Charge/s: Deprivation of liberty (two counts), assault occasioning bodily harm, threatening unlawfully to kill.
Appeal Type: Appeal against sentence.
Facts: The first victim (K) was the respondent’s former partner, with whom he had a 2-year old child. The second female victim (C) commenced an intimate relationship with K. The respondent believed that the relationship between K and C had begun before he had separated with K. After the separation, the respondent asked K and C to meet at his home to discuss their relationship with each other. The respondent then left with K, at which point an argument developed. The respondent refused to permit K to leave his car and detained her while he drove her back home. He prevented her from escaping the house. He then armed himself with a spear gun and loaded it with a barbed spear. C then returned to the respondent’s home, whereupon the respondent pointed the spear gun at her, forced her to enter the house and prevented her from leaving. C refused to give the respondent her car keys. In response, the respondent punched C hard in the left cheek which knocked her down. He then picked her up by the throat and lifted her from the ground. He made a number of threats to kill C. C was left with severe injuries and the mental effect has been ‘profound’. She was in fear of her life (see at -). He later reconciled with K. There was no evidence of domestic violence by the respondent towards K before he became suspicious about her relationship with C. He was sentenced to 12 months’ imprisonment (conditionally suspended for 18 months) for both counts of deprivation of liberty, fined $1000 for assault occasioning bodily harm and sentenced to 24 months’ imprisonment (conditionally suspended for 18 months) for threatening to kill. These terms (as well as a fine for unrelated offending) were imposed concurrently which resulted in a total effective sentence of 2 years’ imprisonment, conditionally suspended for 18 months and a $2000 fine.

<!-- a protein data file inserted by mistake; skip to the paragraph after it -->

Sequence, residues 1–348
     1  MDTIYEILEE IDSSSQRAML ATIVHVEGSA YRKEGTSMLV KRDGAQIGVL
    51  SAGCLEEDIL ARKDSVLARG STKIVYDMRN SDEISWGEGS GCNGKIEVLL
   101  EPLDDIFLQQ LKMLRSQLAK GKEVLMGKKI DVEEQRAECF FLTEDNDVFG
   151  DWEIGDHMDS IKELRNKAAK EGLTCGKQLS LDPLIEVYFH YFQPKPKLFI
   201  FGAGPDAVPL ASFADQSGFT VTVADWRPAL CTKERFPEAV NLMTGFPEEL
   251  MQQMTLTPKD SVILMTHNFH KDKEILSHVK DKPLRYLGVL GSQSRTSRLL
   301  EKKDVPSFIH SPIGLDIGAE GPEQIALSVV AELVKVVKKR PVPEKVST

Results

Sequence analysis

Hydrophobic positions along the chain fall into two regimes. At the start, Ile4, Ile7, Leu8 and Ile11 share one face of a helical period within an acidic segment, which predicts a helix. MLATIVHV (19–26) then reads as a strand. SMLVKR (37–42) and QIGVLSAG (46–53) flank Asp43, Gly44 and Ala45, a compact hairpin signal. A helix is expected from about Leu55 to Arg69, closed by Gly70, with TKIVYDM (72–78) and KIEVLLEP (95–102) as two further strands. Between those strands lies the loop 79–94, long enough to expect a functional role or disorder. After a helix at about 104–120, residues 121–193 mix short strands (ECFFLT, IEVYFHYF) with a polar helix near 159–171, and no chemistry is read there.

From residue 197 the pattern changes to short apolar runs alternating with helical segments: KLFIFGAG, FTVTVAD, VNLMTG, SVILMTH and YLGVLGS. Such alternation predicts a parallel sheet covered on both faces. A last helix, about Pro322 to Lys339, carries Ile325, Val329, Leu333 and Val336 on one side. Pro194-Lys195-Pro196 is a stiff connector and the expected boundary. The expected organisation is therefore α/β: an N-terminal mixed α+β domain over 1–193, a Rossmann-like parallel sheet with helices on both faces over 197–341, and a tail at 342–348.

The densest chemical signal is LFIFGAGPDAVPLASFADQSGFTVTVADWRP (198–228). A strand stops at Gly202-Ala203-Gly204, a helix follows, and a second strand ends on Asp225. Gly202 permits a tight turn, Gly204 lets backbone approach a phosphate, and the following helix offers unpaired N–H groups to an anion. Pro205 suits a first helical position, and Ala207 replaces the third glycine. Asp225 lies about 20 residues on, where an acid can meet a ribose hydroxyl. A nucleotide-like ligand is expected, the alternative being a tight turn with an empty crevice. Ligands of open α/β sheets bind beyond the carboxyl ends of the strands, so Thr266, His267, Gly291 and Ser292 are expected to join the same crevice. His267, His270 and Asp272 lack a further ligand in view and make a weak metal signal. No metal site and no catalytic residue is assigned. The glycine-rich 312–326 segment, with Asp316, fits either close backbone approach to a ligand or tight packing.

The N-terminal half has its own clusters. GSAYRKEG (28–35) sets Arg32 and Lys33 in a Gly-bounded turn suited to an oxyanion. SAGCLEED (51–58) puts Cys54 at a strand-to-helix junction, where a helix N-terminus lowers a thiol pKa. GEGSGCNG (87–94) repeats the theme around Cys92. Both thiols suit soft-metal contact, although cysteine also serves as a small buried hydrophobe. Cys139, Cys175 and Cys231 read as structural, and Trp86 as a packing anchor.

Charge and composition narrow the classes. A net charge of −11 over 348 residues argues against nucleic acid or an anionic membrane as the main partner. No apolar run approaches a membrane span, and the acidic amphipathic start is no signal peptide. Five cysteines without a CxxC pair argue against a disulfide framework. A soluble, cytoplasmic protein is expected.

Issue/s: Some of the issues concerned –
Decision and Reasoning: The appeal was upheld in respect of issues 1 and 3.
Buss JA (Mazza JA agreeing) noted that the deprivation of liberty and threat to kill offences were objectively very serious. His Honour disagreed with the sentencing judge and noted that a matrimonial breakdown, reconciliation and the presence of a child in the relationship cannot be regarded as mitigating factors. However, the fact that the respondent’s mental state has improved following therapy could indicate progress towards rehabilitation. Nevertheless, the seriousness of the offending and the associated need for deterrence outweighed other factors such as rehabilitation and mercy. McLure P noted that C suffered greater actual and threatened violence than K, such that it was difficult to understand the sentencing judge’s explanation for suspending the deprivation of liberty and threat to kill sentences.
See also her Honour’s remarks at  – ‘The circumstances to which the sentencing judge referred are neither unique nor mitigatory. The hallmark of domestic or relationship related violence is the readiness of many victims to return to, or remain in, a relationship with the perpetrator of the violence. The otherwise appropriate penalty should not be reduced because there is a return to the status quo that existed prior to the breakdown of the relationship which precipitated the violence. It is also circular to rely on the return to the relationship status quo as the route to rehabilitation. Moreover, the emphasis on the domestic context marginalises the actual and threatened violence inflicted by the respondent on C.’
As such, these offences warranted immediate imprisonment. A total effective sentence of 18 months’ immediate imprisonment was imposed.